Becoming a Psychosexual & Relationship Therapist
Why become a Psychosexual and Relationship Therapist? This is a question I have been asked many times and in order to answer this, I first need to take you back in time.
Many moons ago, I embarked on a journey to become a qualified, individual therapist. I researched until my head ached and my mind was full of terminology that I simply did not understand. In the end, I went with my gut and chose a Humanistic Integrative course because it ‘felt’ right to me. It started out as me just dipping my toes into the world of counselling and psychotherapy: three years later and not a hint of me regretting my choice, I qualified.
Humanistic Integrative counselling appealed to me because it was grounded in connecting with the person (my client), sat across from me in the room. It taught me a wide range of approaches and that meant that I could adapt the way I worked, depending on the person I was working with. In addition, the approach played to my personal belief that one size does not fit all in therapy. On the final day of the course, I recall the tutor asking each of us if we had any idea which area we would like to specialise in. At that juncture, 13 years ago, I already knew that psychosexual, relationship and couples work was where my passion lay.
I spent the next eight years consolidating my experience as an individual therapist and building my private practice. In 2015, I realised that the timing was right for me to push ahead and work towards qualifying as a Psychosexual and Relationship therapist. It was then that I discovered the London Diploma in Psychosexual and Relationship Therapy (LDPRT).
In early 2016, a group of us came together to embark on the LDPRT. Right from the word go, I loved the learning and the work. I found it dynamic, fast paced at times, challenging, directive, and so incredibly interesting. Just like the initial counselling course that I chose all those years ago, the LDPRT brought a range of approaches and tools to the table, thereby fitting with my personal approach and ethos as a therapist. The course brought my passion to the fore and I knew I was in the right place.
Since qualifying, I continue to be fascinated by and feel passionate about the work and also by people’s reactions to it. In social situations, if my work comes up in a conversation, the most common responses include:
“Wow, I could not do what you do – talking to people about sex and their relationship”
“So you touch people and examine them then?”
There are just so many misconceptions about what we, as Psychosexual and Relationship therapists, do. Education is such a key part to this, because people need to better understand how we work and how we can support.
Any therapy is challenging for the person who seeks it. Psychosexual and Relationship Therapy (PST) – and within that I include couples work - is particularly tough because in order for it to be successful and effective, the client needs to bare their soul and share their innermost and private sexual experiences and/ or the innermost workings of their relationship. Many who seek out this therapeutic approach, come to the first session nervous, anxious, sometimes feeling shame and with a sense of embarrassment and awkwardness. If it is couples work, there can be many other emotions that are brought to the therapy, along with a whole dynamic and history that exists between the two people in the couple. People just do not know what to expect from the sessions and they feel very vulnerable and unsafe, particularly to begin with. Think about it, when was the last time you shared personal details about your sex life, sexual experiences or your relationship, with anyone, let alone a complete stranger?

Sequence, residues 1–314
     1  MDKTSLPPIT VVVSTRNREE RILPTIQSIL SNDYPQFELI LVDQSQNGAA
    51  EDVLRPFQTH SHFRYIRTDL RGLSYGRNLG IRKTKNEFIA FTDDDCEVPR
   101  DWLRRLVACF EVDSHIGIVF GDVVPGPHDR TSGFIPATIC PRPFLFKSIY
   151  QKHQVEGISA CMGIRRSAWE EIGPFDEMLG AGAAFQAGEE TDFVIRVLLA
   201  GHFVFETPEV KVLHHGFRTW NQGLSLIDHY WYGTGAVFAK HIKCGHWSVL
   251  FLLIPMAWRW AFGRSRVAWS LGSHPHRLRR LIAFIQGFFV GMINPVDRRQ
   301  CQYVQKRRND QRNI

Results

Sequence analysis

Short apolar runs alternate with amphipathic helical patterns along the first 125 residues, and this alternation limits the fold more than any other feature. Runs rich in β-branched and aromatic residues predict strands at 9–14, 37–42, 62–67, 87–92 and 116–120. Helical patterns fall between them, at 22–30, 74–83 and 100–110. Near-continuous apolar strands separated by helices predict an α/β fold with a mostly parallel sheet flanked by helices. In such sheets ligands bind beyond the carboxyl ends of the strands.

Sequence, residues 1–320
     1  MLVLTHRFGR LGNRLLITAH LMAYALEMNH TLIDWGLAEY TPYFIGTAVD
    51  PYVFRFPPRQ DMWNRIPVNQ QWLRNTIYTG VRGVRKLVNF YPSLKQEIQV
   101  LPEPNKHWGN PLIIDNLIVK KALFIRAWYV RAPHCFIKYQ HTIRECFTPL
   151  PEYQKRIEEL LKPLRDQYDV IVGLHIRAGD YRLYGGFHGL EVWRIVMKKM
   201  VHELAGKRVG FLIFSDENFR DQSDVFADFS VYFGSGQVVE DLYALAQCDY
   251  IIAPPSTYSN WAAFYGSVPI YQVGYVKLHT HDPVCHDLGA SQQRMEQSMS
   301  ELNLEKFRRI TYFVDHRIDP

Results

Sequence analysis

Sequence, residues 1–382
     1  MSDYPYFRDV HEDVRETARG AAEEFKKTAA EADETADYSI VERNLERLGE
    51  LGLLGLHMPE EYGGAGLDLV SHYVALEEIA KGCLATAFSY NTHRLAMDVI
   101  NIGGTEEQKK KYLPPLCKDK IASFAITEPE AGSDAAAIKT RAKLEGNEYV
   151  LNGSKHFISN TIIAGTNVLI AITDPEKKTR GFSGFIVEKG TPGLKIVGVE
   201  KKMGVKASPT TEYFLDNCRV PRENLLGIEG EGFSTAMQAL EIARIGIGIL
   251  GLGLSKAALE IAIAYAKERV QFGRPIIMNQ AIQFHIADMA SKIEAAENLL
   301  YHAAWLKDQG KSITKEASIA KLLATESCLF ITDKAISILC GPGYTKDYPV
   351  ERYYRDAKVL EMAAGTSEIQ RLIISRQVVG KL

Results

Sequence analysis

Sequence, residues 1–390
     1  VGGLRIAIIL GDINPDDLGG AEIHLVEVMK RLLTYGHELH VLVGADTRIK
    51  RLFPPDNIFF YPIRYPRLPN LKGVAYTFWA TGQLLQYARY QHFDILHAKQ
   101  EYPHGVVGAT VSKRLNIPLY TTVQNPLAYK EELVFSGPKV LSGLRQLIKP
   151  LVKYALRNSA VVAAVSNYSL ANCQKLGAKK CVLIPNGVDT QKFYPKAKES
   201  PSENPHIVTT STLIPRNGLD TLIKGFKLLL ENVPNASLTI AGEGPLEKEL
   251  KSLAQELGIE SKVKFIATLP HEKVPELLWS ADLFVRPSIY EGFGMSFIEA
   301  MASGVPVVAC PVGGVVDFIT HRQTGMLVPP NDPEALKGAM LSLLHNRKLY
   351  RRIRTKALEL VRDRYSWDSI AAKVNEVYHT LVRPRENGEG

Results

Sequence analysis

Whilst there are sensitivities with any presenting issue in therapy, as a Psychosexual and Relationship therapist, I am acutely aware of the added sensitivities surrounding the issues people bring to me. It is critical that I approach our discussions in a gentle, open, down to earth manner, without minimising the issue(s), however at the same time, putting the client at ease so that they feel able to speak freely with me in our sessions. If I get that right, it enables our relationship to deepen and grow then the work can really begin.
So why choose to become a therapist who works with PST? This is an area of therapy that has always really interested me. I have always felt that this work would be where I could make a real difference. Furthermore, I use my intuition with many things in life and it has always been present in the therapy room. It forms part of my therapeutic toolkit, alongside all of the approaches I was taught. The choices in my training over the years, have initially been as a result of research, however the final decision has been based around what my gut says to me. All those years ago, my gut told me that my future specialism would be in the world of psychosexual, relationship and couples work and this is absolutely the right area for me to now be working in. The work is incredibly powerful, effective and can have such a profoundly positive impact on somebody’s life.